Long Read: What did Sarfaraz Ahmed feel when he was out of the Pakistan team for four years? The story of his remarkable comeback.

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Sarfaraz Ahmed was in the team bus with Moin Khan and Nadeem Omar, the owner of Quetta Gladiators, when news filtered in that he was demoted from central contracts early last year. In late 2019, he had already been sacked as the Test captain, and dropped from all teams.

Nadeem Omar, the godfather of Pakistan cricket in many ways given he owns numerous cricket clubs that have reportedly provided 113 first-class cricketers to Pakistan, asked Sarfaraz: “Saifi, kya hua? (What happened, don’t look so down)”. Omar recalls the moment on the bus as the lowest he saw Sarfaraz.

“Saifi said, ‘bhai, I have captained all three formats, done decently well, have won a few Cups, so I am not concerned about that but to be dropped from all teams and treated like this does hurt. Don’t worry but bhai, I will be fine’.

“It’s easy thing to say, of course. Remember the heights he had reached. He was a national hero after being the captain who defeated India and won the Champions Trophy. Thousands flocked to his home for days. It would not have been easy for him to adjust from that high to the lows – but he did.”

The three men whom Sarfaraz considers his mentors were all around him that day on the bus. Omar, former Pakistan captain Moin Khan, who was Sarfraz’s idol and the reason why he turned from a seamer to a wicketkeeper when young, and Azam Khan, the grassroots coach on whose pillion Sarfaraz has hopped from ground to ground as a kid.

After he hit the match-saving hundred (“my best innings”) in the second innings against New Zealand, Sarfaraz would name and thank all the three well-wishers for their support. “I moved with people who gave me good guidance,” he would say.

Suddenly, even as he was talking about the tough phase, Omar laughs. “If that bus moment was the lowest, where I thought he was about to break down, the happiest moment for me was to see his celebration yesterday (Thursday). The way he punched the ground four times – it’s as if one punch for every year he was out of the team – four years, na? I even told him, ‘woh kya tha punches?’” Did Sarfaraz say it was for every year of wilderness? “Ha ha, he didn’t; just smiled. But it’s a good story, right; I shall tell him to say that in future!”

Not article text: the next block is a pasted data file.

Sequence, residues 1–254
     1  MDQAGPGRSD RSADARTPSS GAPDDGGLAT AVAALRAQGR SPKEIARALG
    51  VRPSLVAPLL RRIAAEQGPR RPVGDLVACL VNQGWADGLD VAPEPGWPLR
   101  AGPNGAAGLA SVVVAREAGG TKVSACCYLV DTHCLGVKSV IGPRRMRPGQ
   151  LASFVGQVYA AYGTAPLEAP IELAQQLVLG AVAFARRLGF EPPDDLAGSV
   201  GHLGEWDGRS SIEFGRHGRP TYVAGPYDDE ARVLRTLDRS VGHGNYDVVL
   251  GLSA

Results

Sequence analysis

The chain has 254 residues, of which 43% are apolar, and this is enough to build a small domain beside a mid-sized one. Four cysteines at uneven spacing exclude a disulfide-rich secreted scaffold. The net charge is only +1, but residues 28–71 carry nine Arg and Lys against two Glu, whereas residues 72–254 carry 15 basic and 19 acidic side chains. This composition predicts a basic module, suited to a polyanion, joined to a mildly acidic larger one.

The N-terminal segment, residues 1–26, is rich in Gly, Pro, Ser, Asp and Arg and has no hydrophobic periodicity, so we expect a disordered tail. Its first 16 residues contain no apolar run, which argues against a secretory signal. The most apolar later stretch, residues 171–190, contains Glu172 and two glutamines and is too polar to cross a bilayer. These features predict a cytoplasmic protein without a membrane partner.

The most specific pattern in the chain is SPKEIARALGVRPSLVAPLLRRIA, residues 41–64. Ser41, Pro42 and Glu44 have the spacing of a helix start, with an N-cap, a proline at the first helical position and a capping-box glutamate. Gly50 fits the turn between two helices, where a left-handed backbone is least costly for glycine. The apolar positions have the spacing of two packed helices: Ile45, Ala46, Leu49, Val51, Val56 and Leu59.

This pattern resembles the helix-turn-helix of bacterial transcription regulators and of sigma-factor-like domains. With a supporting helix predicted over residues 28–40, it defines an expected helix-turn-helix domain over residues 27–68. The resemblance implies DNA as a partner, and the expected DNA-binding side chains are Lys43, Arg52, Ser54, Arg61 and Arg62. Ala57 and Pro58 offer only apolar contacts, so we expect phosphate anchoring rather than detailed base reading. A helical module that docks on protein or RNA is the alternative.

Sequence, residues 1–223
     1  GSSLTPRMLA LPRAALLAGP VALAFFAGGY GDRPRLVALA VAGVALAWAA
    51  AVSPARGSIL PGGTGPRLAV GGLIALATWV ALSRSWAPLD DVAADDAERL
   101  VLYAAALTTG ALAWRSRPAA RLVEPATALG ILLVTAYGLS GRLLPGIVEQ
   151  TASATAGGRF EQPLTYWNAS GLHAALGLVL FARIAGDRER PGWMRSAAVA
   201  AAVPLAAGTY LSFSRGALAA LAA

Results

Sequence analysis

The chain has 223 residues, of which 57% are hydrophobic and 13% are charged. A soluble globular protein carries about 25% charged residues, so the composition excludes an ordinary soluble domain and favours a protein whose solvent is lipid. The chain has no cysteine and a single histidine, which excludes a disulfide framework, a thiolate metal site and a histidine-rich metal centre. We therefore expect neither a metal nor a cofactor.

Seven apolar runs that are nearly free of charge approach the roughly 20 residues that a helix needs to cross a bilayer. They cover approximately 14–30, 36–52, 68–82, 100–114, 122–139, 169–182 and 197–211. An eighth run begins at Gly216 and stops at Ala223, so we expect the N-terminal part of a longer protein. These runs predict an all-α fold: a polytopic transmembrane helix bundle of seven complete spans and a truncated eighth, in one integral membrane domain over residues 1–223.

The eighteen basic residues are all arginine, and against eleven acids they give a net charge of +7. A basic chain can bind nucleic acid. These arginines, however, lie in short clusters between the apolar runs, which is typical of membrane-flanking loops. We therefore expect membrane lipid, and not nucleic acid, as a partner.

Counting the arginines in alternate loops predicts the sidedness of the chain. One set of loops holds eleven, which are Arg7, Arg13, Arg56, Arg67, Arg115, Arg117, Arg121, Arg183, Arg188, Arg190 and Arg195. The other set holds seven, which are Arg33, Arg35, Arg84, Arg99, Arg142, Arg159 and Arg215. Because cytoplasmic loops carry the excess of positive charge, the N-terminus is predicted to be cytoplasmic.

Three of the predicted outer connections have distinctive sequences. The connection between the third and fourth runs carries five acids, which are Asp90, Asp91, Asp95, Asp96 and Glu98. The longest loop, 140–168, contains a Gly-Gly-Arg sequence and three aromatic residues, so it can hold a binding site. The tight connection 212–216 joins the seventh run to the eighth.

Where is Sarfaraz but, bhai? Whatsapp texts aren’t getting double ticks unless, of course, the number is invalid now. More laughter from Nadeem bhai. “Success is a strange thing ji. Those people who didn’t even enquire how he was during the four years have now come back. Chai pey aa jao, khaane pey aa jao (come for team, for dinner) chal raha hoga! That’s how our world is.

Pakistan’s Sarfaraz Ahmed performs Sajdah, a prayer bow in gratitude to God, after scoring century during the fifth day of the second test cricket match between Pakistan and New Zealand, in Karachi, Pakistan, Friday, Jan. 6, 2023. (AP Photo/Fareed Khan)

“The best thing and most surprising is that all through these four years, even at his darkest moment, Saifi didn’t badmouth anyone. He really doesn’t have a mean bone in his body. I knew it, of course, but thought circumstances were like that; he might rant but he never did. He was down and I would see his anger occasionally on the field when he was captaining a club or PSL (Pakistan Super League) team, but he would never quite show it; it would fade out soon.”

There was a moment when even the calm, mature Omar got a bit emotional and told Sarfaraz about it too. “It was when I saw him carry drinks, run onto the field to tie shoelaces and such. I know there is nothing wrong with it, but across history how many former captains have we seen do all that? When I told him, “Saifi, kya hai yeh sab? Aur kisi ko bolna, (tell someone else), he said, “what is there bhai? There is nothing wrong; you only have said always respect this great game. All this is normal and being part of a team; I have no problem in doing it.”